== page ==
Algebra - Combining Like Terms

Algebra - Combining Like Terms
Note: the “^” denotes an exponent; x^3 stands for x to the third power

Terms are the parts that make up an expression such as 5x^ 2 + 3x + 4. 5x^2, 3x and 4 are considered terms. However they are not alike. The examples below show examples of like terms:

5x^2, 6x^2, 3x^2, 9x^2 - They are alike because each term has “x” raised to the second power.

3x, 4x, 5x, 2x, 72x – These are alike because they all have an x variable.

1, 7, 22, 5, 4 – These terms are alike because each term has no variable…also, referred to as constants.


Also keep in mind:
*The numbers in front of the variables are the coefficients. i.e. 4x – “4” is the coefficient and ‘x” is the variable
* A variable without a coefficient has an implied coefficient of 1.

In order to simplify an expression,
1. Combine or group like terms.
2. Add or subtract the coefficients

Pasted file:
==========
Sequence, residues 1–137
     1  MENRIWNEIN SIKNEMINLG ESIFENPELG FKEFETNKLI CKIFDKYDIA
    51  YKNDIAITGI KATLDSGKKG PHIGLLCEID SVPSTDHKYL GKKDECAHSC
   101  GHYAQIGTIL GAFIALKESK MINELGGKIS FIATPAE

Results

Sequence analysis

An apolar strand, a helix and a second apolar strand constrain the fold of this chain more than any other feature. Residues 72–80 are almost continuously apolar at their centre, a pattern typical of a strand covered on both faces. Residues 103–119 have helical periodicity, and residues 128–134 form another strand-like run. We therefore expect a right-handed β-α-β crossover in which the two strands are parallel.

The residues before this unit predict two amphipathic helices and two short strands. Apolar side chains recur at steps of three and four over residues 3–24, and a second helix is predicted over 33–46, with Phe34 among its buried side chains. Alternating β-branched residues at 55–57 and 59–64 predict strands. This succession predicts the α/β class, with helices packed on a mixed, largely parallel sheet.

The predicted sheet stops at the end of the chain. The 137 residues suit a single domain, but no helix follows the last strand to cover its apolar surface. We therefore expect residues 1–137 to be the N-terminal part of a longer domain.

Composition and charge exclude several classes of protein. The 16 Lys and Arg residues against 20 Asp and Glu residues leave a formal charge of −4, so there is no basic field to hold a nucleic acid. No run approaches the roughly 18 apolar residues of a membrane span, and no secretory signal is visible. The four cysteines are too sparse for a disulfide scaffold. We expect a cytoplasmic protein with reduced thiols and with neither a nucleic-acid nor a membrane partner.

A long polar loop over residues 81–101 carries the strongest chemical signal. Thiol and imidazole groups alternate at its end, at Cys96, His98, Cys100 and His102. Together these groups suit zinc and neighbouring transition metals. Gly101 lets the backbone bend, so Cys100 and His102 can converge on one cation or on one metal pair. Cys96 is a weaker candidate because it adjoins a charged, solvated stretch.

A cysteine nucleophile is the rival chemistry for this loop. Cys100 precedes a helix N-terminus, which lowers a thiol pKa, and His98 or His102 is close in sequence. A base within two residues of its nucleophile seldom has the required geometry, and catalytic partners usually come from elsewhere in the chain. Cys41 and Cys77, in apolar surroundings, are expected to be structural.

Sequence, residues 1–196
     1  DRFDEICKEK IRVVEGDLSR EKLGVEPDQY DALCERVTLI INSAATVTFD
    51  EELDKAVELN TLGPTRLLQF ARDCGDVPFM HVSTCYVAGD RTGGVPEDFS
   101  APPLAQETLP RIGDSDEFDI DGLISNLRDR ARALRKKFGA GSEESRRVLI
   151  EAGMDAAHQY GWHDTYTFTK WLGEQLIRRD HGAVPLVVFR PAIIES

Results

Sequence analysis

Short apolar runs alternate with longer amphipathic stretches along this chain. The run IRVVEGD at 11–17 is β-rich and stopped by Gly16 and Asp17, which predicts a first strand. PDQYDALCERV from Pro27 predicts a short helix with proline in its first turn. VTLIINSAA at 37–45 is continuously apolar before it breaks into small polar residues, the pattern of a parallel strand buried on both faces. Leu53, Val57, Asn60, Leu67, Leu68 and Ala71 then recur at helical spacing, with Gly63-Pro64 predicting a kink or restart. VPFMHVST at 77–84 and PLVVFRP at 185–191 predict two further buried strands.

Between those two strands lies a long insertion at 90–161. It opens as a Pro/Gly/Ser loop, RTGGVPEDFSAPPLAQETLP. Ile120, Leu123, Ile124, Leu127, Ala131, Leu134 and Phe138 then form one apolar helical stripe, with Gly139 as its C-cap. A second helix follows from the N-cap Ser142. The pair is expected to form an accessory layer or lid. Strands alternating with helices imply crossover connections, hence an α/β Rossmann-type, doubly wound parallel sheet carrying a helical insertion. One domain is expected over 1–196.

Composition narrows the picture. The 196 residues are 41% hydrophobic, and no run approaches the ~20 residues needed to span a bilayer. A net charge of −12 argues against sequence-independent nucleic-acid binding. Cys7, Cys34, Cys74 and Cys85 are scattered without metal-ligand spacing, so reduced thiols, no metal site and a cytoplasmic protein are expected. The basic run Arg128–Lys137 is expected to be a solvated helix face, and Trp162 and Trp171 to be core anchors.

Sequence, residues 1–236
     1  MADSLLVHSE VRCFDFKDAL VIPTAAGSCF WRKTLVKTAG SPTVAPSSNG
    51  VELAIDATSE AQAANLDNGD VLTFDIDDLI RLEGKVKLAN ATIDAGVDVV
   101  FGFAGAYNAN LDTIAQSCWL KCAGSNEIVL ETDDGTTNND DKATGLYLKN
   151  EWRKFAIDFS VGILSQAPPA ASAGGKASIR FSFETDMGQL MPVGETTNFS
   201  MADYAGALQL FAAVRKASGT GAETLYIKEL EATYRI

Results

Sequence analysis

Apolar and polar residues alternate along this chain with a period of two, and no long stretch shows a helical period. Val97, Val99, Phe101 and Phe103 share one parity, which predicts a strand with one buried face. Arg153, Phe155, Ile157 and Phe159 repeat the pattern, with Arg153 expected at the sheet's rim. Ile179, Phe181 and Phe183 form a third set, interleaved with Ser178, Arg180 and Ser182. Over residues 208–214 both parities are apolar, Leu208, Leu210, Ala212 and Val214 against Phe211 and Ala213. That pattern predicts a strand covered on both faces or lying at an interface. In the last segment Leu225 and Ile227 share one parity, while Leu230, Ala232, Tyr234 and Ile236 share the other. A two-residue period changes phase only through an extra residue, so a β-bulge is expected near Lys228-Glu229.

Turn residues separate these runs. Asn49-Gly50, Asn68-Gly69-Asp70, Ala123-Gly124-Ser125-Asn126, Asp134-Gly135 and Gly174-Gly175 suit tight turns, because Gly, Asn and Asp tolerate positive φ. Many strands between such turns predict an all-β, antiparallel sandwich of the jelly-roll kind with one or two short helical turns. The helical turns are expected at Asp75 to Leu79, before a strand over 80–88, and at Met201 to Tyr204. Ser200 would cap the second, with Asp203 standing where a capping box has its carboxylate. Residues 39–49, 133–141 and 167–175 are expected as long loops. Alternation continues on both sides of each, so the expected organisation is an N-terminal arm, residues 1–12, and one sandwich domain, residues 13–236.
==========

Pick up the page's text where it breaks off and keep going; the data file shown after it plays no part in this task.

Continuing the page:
Example 1:
Simplify: 4x – 6 – 2y + 3x + 14 + 5y + 8

1. Combine/Group like terms
4x + 3x -2y + 5y – 6 + 14 + 8

2. Add or Subtract the coeffiecients
7x +3y + 16

Thus, 4x – 6 – 2y + 3x + 14 + 5y + 8 = 7x +3y + 16


Example 2:
Simplify the expression: 4(x – 5) + 3x

1. Use the distributive property
4x – 20 + 3x

2. Combine/Group like terms
4x + 3x + 20

3. Add or Subtract Coefficients
7x +20

Thus, 4(x – 5) + 3x = 7x +20


Example 3:
Simply the expression: 6x^2 – 3(x – 5x^2)

1. Use the distributive property
6x^2 – 3x – 15x^2

2. Combine/Group like terms
6x^2 – 15x^2 -3x

3. Add or Subtract Coefficients
-9x^2 – 3x

Thus, 6x^2 – 3(x – 5x^2) = -9x^2 – 3x





You Should Also Read:
Introducing Algebra - Unknown Variables
How to Find the Slope
Mastering Essential Math Skills

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